Originally published on New Digital Age
Chelsea Horncastle is Director, Product Innovation and Insights, at OMD, is an digital marketeing professional championing a people-first approach to measuring perceptions, values and behaviours. Over the past five years, she has been leading OMD’s award-winning international research initiatives that understand how consumers accept, use, and trust emerging technologies in their daily lives.
Here, Chelsea discusses the importance of positive female representation in research, insights, and consumer testing and highlights the value of amplifying diverse female voices for improved decision making.
Why is positive female representation in research, insights, and consumer testing an important issue to you and why are you shining a spotlight on the issue now?
Diverse representation is crucial, especially in areas like technology where the product development tends to be male dominated. It is important, if not necessary, to have diverse representation to truly understand and identify engagement and growth opportunities, as well as to avoid groupthink. If representation is unbalanced, you only get a fragmented view of the picture – and one that can further alienate.
For example, when virtual reality headsets were first designed, one big problem was VR sickness. This was because the product was mainly designed by men who are taller so when women tried the experience it wasn’t designed with them in mind. This isn’t a one-off, entire books have been written on this topic, The Invisible Women by Caroline Criado Perez which investigates data bias in a world designed for men from the temperature in our offices to the increase in serious injuries women accrue in car accidents.
As a woman, what key challenges/barriers have you faced in your career?
The biggest challenge so far has been becoming a mum. I know it’s not a choice everyone will make but becoming a primary caregiver to a child means you have an experience most men don’t. Even in a supportive workplace, there are so many decisions that need to be made that impact your career from how long to take on Maternity Leave, childcare arrangements, whether you comeback full or part-time, and the list goes on.
Then on top of those personal decisions, there is another element that goes beyond a good maternity package, there is also a lot of trust you put on your workplace and team in terms of pay and promotion advocacy during your maternity leave, maternity cover, the role you come back to, and so on. These issues are not media specific – mothers face a wage penalty of almost 40% of earnings in the UK.
I have been very lucky that I have a great support system from my team – they have made my life easier with flexible working hours and have been very supportive. Even with the support, I’m still very much adjusting and experiencing mummy-guilt every so often.
Why is a diverse workforce important to the future of your industry?
Positive female representation helps us attract, retain and develop women. This is a prerequisite to a diverse and representative workforce, without which we wouldn’t be able to effectively serve our clients. It is also a sad truth that affecting the changes needed to make workplaces a place where women can fulfil their true potential, a critical mass of women need to demand it.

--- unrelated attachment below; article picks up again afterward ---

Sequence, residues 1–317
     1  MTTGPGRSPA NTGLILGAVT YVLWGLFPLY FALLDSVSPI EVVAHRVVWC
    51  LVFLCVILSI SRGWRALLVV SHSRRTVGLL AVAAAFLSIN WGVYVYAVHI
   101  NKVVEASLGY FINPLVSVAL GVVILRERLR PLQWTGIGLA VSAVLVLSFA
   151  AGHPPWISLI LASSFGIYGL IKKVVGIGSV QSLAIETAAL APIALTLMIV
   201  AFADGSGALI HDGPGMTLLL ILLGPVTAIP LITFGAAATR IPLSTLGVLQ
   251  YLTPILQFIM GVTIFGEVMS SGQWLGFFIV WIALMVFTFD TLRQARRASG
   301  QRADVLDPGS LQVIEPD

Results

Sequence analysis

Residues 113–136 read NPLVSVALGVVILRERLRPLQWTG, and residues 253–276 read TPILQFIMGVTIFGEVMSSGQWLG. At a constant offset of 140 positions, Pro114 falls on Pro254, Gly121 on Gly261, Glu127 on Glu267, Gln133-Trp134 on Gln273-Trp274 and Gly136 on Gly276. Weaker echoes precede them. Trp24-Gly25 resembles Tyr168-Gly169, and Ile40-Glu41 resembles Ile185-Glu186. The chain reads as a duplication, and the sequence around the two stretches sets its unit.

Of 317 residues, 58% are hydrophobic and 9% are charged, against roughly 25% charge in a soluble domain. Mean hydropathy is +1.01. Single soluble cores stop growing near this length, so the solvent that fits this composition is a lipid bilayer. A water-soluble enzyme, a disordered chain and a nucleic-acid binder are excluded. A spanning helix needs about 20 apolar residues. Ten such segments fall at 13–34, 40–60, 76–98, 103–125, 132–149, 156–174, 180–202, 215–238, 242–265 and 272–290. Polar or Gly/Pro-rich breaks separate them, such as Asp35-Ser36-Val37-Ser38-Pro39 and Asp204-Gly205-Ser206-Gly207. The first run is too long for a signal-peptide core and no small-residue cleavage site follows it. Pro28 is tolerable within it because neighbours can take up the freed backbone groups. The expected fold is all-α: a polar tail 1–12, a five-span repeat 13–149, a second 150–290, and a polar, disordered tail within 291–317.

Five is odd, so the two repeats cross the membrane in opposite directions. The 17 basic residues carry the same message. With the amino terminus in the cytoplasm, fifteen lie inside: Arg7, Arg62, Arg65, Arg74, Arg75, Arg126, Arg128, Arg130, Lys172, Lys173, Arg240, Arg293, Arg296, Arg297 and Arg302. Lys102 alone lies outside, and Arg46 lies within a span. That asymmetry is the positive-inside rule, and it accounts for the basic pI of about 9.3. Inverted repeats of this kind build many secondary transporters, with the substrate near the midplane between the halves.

We need to ensure we are taking the time to involve and listen to different perspectives – gender, age, ability, cultural backgrounds, etc. We also need to do more to ensure diversity is achieved across all departments and seniority. For women alone, PwC estimates that it would take at least 33 years for women’s participation rate in the labour force to catch up to men’s current participation rate.
What can be done to attract the next generation of female talent to your industry?
Through programmes like executive schemes, we are attracting a fantastic group of women into the industry out of university and at junior levels. And while I always want to see more brilliant women enter the industry, what I would really like to see is that more of the women we do attract being able to fulfil their potential.
Too many women leave the industry, either because their efforts are not getting the recognition they deserve or because we too often try to impose 20th century work patterns on 21st century lifestyles. To fix this, we need to make sure women aren’t penalised for not being the squeaky wheel around annual reviews, or for not putting in long hours because of family needs.
Generally speaking, should women be doing more to support each other professionally?
Many women have benefited tremendously from building close relationships and supporting other women. However, it is neither fair nor helpful to put the main onus on supporting women on other women. Change needs to be more systemic and organisations need to affect cultural changes such that both men and women benefit from supporting women and other underrepresented groups.
OmniWomen is one such initiative where different issues and topics are explored, mentoring is offered and networking is facilitated with the goal that it serves as a catalyst for increasing the influence and number of women leaders throughout the Omnicom Network.
How can men be better allies to their female colleagues?
Take the time to learn more about the challenges that women face in the workforce, and initiatives that have been successful. Speak up and raise awareness about these issues and solutions. Focus on performance, rather than fitting conventions.